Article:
Free from her drunken sop of a husband and his grisly friends, she runs barefoot through the grass with flowers in her disheveled ringlets and basks in the peace.
But not for long. She sees a sail on the horizon and hears from Lord Godolphin, a local landowner that there are pirates about, led by an elusive Frenchman.
Continue reading “Frenchman’s Creek”
‘It is a truth universally acknowledged, that a single man in
possession of a good fortune must be in want of a wife.’
Lizzy and Jane, Darcy and Bingley, Longbourn and Pemberley – the characters and locations are so seeped into my consciousness they could be real. Mrs Bennet finding husbands for her 5 daughters, Mr. Bingley arriving at Netherfield with his sisters and proud friend, Mr Darcy. Ridiculous Mr Collins who’s to inherit Longbourn and smarmy Wickham, inveigling himself into their affections. I’ve seen so many screen adaptations that I thought I already knew the story and wondered what I would gain from actually reading the book. And maybe for the first 50 or so pages that was true as the characters and locations are put in place and the story really rattles along, by page 39 we already know that Darcy has noticed a ‘pair of fine eyes‘!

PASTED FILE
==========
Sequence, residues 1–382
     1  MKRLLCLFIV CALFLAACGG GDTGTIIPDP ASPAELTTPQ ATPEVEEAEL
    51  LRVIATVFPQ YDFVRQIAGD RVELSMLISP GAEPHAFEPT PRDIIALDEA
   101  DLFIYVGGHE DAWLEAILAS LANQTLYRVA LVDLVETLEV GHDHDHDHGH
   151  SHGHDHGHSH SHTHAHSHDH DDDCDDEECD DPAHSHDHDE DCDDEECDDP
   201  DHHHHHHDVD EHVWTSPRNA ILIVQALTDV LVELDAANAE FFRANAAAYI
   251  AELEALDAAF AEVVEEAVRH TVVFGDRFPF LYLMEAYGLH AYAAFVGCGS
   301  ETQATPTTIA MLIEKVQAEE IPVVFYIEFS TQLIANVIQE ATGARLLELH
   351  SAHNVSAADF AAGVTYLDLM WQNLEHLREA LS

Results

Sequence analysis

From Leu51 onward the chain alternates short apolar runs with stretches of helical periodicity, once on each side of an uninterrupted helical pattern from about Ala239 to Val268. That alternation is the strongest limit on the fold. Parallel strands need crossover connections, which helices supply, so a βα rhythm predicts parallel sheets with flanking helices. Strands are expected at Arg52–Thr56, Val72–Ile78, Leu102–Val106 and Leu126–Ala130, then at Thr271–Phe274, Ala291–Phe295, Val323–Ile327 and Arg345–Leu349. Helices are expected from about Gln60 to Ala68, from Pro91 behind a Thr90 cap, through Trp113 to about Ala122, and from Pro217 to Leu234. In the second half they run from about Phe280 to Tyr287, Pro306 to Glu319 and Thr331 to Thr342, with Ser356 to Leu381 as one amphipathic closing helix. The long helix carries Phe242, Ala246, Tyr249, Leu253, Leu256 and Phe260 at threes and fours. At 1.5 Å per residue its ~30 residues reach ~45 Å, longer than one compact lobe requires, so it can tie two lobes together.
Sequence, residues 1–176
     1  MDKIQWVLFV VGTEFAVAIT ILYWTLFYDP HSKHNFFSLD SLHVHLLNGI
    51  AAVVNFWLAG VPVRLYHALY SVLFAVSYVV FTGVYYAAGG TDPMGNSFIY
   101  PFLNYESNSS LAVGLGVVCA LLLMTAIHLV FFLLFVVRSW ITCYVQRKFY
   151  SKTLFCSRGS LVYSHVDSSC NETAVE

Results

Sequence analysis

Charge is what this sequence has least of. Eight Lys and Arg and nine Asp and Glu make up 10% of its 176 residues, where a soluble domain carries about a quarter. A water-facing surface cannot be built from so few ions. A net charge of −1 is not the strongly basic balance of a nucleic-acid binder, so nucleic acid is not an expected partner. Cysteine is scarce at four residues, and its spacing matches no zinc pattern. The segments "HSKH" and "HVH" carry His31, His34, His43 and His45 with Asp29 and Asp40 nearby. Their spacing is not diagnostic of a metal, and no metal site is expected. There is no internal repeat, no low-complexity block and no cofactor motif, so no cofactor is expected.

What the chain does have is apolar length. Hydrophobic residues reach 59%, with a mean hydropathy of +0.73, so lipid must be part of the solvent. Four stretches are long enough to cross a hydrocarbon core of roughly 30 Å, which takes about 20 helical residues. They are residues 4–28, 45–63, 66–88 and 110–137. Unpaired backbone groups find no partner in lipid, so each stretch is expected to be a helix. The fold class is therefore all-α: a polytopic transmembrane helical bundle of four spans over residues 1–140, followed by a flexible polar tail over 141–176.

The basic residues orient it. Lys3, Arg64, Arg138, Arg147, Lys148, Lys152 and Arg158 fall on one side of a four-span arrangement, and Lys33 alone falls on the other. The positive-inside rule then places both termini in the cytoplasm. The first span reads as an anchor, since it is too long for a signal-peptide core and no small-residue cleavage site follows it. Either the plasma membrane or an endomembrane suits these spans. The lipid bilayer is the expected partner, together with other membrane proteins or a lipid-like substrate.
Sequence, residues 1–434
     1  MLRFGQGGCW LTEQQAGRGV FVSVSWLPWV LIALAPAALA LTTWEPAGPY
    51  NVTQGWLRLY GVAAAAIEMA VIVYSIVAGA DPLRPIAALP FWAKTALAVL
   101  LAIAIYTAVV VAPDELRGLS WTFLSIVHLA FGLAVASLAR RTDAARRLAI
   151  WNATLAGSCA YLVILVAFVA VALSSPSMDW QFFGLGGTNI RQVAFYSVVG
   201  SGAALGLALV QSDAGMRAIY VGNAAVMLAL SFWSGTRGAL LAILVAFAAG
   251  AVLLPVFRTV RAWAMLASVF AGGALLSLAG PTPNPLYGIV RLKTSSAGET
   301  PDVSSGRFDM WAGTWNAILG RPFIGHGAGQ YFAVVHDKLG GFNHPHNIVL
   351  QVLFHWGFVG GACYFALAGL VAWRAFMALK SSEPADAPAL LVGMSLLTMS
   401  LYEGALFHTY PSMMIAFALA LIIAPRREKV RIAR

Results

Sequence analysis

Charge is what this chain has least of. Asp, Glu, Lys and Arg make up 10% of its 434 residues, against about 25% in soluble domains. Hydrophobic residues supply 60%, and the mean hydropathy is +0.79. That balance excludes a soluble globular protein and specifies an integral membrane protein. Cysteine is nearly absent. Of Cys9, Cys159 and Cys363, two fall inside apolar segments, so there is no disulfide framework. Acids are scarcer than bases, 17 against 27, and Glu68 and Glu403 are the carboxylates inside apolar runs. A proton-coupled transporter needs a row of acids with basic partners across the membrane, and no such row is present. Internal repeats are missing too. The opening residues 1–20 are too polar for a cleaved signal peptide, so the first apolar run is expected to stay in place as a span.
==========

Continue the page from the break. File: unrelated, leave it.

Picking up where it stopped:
But then the book came into its own and I realised how wrong I was. This is very much the story of Elizabeth Bennet (rather than the family and neighbours), who despite the constraints of society is assertive and strident, she holds her own strong opinions and with the added characteristic of insight manages to be herself.
Continue reading “Pride and Prejudice”
‘The family of Dashwood had been long settled in Sussex.’
I love that opening line, the words can’t be read quickly, they seem to have a slow authority that tell us what to expect. That this is a family drama, about an old family and it hints that change is afoot. We know straight away to settle in and allow ourselves to be wrapped up in their story.
The Dashwood sisters, Elinor and Marianne are forced to leave Norland, their family home when their father dies and their brother John inherits the estate. They take up a cottage in Devonshire with their mother and younger sister Margaret and it’s from here that they must navigate their way to matrimony and happiness whilst avoiding the stumbling blocks of Lucy Steele and Willoughby.